Basic electricity

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This is about electricity. I describe insulators, conductors, parallel circuits, series circuits, and some examples.

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Basic electricity

  1. 1. Basic Electricity By: Rebecca Garcia
  2. 2. Electricity • Electricity is seen around us every day. • Electrical outlets are found throughout our house. • Lightning bolts are seen shooting from the sky during thunderstorms. • We use electricity to power the things we use every day like our TVs and our computers.
  3. 3. The basics of Electricity • Electrons are what start electricity. • Electrons are found in atoms and have a negative charge. • Every atom contains one or more electrons.
  4. 4. Electrical Insulators • Electrons are tightly bound to their atoms in materials like wood, glass, plastic, air, and cotton. • Since the electrons can’t move, they don’t conduct electricity very well. • These materials that don’t conduct electricity well are called electrical insulators.
  5. 5. Electrical Conductors • Most metals like gold, silver, copper, aluminum, iron, etc. have electrons that can detach from their atoms and move around freely. These are called free electrons. • The free electrons moving around make it easy for the electricity to flow through these metals making them good conductors of electricity. • These kinds of metals that conduct electricity well are called electrical conductors.
  6. 6. Electrical Circuits • An electrical circuit is a device that uses electricity to perform a task like powering your lamp. • Electrical circuits always have a source of electricity (for example a battery), a load (a light bulb), and two wires that carry the electricity between the battery and the load. • The electrons go from the source through the load and then go back to where it started at the source. • There are also materials called resistors that are present in circuits that slow down the flow of the current of electricity. • There are different types of electrical circuits; there are parallel circuits and series circuits.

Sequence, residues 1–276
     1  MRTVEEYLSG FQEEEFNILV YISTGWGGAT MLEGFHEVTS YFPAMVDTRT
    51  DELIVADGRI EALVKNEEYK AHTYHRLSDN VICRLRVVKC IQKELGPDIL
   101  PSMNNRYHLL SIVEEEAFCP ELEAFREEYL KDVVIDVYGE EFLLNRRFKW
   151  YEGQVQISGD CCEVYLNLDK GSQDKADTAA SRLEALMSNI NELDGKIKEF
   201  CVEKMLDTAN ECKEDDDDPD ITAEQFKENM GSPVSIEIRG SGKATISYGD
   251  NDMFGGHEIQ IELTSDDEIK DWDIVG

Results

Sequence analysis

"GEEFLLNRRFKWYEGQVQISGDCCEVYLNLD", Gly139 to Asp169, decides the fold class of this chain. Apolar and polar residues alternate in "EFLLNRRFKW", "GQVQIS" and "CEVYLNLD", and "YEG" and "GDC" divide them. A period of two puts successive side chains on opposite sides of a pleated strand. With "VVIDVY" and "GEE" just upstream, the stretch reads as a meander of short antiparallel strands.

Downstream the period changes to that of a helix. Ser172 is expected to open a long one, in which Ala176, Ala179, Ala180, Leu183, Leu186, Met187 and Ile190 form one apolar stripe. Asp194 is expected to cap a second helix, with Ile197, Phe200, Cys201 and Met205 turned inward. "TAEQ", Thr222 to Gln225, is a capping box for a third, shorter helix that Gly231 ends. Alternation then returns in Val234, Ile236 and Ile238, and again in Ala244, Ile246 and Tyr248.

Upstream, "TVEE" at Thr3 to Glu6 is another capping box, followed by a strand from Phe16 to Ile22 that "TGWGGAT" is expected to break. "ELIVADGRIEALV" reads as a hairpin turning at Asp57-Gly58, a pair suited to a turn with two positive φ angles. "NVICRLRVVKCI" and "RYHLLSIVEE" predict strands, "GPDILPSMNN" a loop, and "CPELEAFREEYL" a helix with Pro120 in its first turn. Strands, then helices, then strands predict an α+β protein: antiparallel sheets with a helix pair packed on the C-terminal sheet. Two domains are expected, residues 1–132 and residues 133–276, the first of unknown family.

7. 7. Series Circuits • In a series circuit there is only one path for the electrons to flow. • The resistors in a series circuit are connected together in a line. • Current flows through each resistor because there are no other paths to follow.
  8. 8. This is a picture of a series circuit. It has three resistors in a line and the current passes through them all. R1, R2, R3, are the three resistors and the current flows in a clockwise direction.
  9. 9. Parallel Circuits • In a parallel circuit there is more than one continuous path for the electrons to flow. • There are several pathways lined up parallel to each other that electricity can pass through. • Each pathway has its own resistor. • As the current flows though the circuit, the current is split because current goes through each of the pathways.
  10. 10. This is a picture of a parallel circuit. The R1, R2, and R3, represent the three resistors it has and the current flow goes in a clockwise direction.
  11. 11. Circuits in the real world Series Circuits Parallel Circuits • If one of the light bulbs is taken out or damaged, the other bulb will not light up. • Why? Because the electricity cannot pass through the circuit. • If one light bulb is taken out or damaged, the other bulbs will still light up. • Why? Because the current can still pass through the other pathways.
  12. 12. Examples of Parallel Circuits • In our homes, each room has it's own parallel lighting circuit so, if a light bulb blows, the other light bulbs stay lit. • Cities use parallel circuits to power their buildings and homes so that each place can get the same amount of electricity and so if one area goes out the whole city does not.
  13. 13. Examples of Series Circuits • Water heaters use a series circuit. Power enters through the thermostat, which you set at the temperature you want it to be at. When the water reaches the correct temperature, the thermostat will cut off the current to the heating element, leaving the current with no other paths to follow. This will leave the water at the set temperature. • Lamps are a series circuit. When the switch is turned on, current will flow to the light bulb. The current can only follow one path. • Freezers and refrigerators are also series circuits. It works similar to the water heater. If they get hotter than the set temperature on the thermostat the compressor will turn on dropping the temperature on the inside. Once it gets to the desired temperature the compressor will turn off again.

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